Ensuring your child knows you love him unconditionally
I’m worried that my preteen son may not feel loved because I never tell him that I love him. I am just not that touchy-feely, mushy-gushy, emotional kind of guy and feel quite uncomfortable with saying “I love you” to a five-foot-six, hundred- and thirty-pound hunk of a 12 year old. How can I let him know how much I care for him?
Dear Silent Sam,
The Oxford and Miriam Webster dictionaries among others, have dozens of definitions of love, many of which likely describe the feelings you have for your progeny. Some common ones include: to feel a deep affection for someone; to have an intense feeling of deep affection; to be deeply committed and connected to someone; to wish another well and want nothing more than their happiness.
I assume that your feelings for your son are described in one of these definitions at least. However, telling him directly with the words ‘I love you’ has become difficult as he has grown you say. Rest assured you’re not alone Silent Sam. There are hordes of dads out there just like you. Let me try to help.
Unconditional love for a child is the foundation upon which a healthy mind, heart, and body is built for children. Like the gasoline in the tank of an automobile gets used up to power the vehicle, love is the stuff that fills the emotional tank used to drive the child forward to reach his potential. It is a tank that must be kept fully topped up by parents every time the gauge gets low. It is not enough that the love be offered, but the child must know and feel that he is loved unconditionally, with no strings attached by his parents.
Unconditional love completely accepts the child for whom he is, no matter his behavior or performance. Conditional love on the other hand is offered when the child behaves or performs according to the parent’s expectation and desires. This kind of love is acknowledged by gifts and rewards or privileges bestowed upon the child when he meets the parent’s expectation. Unfortunately, children receiving conditional love may develop resentments, insecurities and feelings of not being loved.
You, Silent Sam, need to acknowledge your love for your child, hopefully an unconditional one and learn how to make him feel loved, even if saying the words is tough for you. Don’t be discouraged because there are many ways to tell a child he is loved and meet his emotional need to know the special place in your heart that he holds. You will need to become a love linguist.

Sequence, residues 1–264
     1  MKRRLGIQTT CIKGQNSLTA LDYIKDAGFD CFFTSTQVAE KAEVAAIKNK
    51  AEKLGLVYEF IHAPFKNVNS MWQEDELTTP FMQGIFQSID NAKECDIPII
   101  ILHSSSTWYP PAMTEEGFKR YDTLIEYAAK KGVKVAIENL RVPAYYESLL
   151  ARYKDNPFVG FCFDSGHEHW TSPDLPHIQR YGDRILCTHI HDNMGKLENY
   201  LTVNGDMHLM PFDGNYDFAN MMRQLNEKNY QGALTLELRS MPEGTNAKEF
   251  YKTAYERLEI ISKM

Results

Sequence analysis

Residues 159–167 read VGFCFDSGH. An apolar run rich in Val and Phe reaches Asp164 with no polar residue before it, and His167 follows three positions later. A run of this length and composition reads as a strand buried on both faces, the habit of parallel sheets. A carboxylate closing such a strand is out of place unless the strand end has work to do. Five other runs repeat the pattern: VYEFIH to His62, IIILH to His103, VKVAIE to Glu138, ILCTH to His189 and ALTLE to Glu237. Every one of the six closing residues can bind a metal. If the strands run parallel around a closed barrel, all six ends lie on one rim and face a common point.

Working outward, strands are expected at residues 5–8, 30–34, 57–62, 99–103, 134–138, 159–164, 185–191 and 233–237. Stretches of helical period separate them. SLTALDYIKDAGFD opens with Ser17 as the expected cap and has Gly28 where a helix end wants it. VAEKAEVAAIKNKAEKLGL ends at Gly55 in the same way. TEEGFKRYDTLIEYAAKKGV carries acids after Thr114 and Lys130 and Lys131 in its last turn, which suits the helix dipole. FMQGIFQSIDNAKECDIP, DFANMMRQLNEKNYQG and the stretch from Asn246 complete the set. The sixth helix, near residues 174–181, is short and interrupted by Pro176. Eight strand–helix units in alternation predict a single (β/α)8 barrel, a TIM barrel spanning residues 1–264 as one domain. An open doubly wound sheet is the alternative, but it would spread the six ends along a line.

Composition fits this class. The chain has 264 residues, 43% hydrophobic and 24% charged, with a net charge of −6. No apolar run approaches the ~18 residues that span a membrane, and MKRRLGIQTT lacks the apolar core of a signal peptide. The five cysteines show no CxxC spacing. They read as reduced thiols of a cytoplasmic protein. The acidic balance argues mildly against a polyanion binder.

Gary Chapman and Ross Campbell, New York Times best-selling authors, discuss this subject in an excellent book I recommend to you entitled,’ The 5 Love Languages of Children’. The authors suggest that words are only one way to express love and make a child feel loved. They suggest that children often have other love languages they understand better. The languages are physical touch, words of affirmation, quality time, gifts and acts of service. Why not learn the languages and teach all five to your child?
Physical touch as an expression of love comes quite easily to the parents of infants. Research has shown that the deprivation of touch in infants in international orphanages has resulted in significant mental and physical delays in children’s development. In most homes, we know that picking babies up, cuddling them, rocking them, soothing them and kissing them often settles them nicely and makes them feel comfortable and loved. As children get older, we use some of the same touching techniques, while others drop off as culturally less acceptable. For preteen males acceptable physical touching by a dad could be an arm around his shoulder or touching an arm or hand while assisting with homework, a kiss on the forehead or cheek when saying good night, a robust embrace after winning a baseball game, wrestling on the living room floor, or roughhousing while swimming in a pool.